Georgian architect Dachi Papuashvili just unveiled plans for a cross-shaped micro residence built from two overlapping shipping containers. The tiny, four-story house is envisioned as a temporary retreat built from waste construction materials. The compact structure is designed to operate entirely off-grid, and it's equipped with self-sufficient features such as solar panels and a composting toilet.
Built to house a single occupant at a time, the micro house offers a full suite of amenities in a compact energy-efficient space. The wood-clad shipping container structure can be prefabricated off-site to minimize site disturbance. Papuashvili’s design is self-contained and self-sufficient to provide its tenant with a high degree of solitude.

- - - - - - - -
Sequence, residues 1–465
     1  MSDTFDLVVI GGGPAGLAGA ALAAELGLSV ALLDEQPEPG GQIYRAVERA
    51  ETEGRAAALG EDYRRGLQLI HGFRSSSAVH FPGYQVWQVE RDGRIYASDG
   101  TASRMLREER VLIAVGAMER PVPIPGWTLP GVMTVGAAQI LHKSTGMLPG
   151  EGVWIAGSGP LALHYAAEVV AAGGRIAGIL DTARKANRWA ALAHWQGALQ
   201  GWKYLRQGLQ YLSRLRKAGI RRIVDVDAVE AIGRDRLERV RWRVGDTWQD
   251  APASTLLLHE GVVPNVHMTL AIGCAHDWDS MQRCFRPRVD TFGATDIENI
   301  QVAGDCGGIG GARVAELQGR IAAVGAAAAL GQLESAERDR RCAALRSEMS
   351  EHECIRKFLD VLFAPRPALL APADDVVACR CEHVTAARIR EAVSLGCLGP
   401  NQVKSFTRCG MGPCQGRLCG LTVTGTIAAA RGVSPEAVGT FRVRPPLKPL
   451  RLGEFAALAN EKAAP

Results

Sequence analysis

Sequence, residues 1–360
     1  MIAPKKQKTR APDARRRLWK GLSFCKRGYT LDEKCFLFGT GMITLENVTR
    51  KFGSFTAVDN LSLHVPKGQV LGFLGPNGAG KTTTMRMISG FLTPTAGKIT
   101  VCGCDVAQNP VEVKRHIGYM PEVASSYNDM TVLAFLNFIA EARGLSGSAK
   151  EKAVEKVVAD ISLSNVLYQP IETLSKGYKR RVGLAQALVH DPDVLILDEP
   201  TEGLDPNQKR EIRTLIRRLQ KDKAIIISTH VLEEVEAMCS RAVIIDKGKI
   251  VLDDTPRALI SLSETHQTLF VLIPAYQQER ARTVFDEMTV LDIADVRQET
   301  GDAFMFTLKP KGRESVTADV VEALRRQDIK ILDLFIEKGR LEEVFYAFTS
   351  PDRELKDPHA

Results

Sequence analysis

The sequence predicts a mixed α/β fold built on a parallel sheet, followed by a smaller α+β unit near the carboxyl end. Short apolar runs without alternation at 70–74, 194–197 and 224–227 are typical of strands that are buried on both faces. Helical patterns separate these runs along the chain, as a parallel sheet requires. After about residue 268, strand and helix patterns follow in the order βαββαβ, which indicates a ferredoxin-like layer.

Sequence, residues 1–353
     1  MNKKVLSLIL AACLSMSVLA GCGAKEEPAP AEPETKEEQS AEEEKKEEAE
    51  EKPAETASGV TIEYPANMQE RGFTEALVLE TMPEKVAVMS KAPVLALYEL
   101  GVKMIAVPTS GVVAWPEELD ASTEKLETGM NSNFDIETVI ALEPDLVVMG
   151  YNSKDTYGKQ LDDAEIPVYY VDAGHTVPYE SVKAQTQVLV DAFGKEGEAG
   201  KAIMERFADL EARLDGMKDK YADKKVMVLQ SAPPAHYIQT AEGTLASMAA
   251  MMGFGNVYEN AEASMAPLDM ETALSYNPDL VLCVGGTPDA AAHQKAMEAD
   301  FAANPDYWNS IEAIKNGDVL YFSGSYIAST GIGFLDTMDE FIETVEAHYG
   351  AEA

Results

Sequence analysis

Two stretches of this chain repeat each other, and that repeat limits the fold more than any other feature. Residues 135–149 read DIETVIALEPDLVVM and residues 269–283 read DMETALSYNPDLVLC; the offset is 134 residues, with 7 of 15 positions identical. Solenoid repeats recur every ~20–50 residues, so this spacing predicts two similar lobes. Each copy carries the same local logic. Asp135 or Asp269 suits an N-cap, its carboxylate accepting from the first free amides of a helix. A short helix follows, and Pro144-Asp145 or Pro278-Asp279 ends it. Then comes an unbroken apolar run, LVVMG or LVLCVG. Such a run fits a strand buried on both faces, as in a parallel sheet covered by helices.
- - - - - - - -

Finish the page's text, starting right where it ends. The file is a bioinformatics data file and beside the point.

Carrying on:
The off-grid building is equipped with solar panels to power the home as well as a rainwater catchment system. The first floor is reserved for utilities, including solar energy batteries, a water reservoir, and additional storage space. A bathroom with a shower and composting toilet is located on the second level. The horizontally-oriented shipping container houses the much larger third floor, where the main living spaces such as the bedroom and kitchen are located. Lastly, a prayer room is situated on the fourth floor, which connects to an outdoor patio.
According to Dezeen, Papuashvili plans to construct the first prototype of the micro house by 2015.
Images via Dachi Papuashvili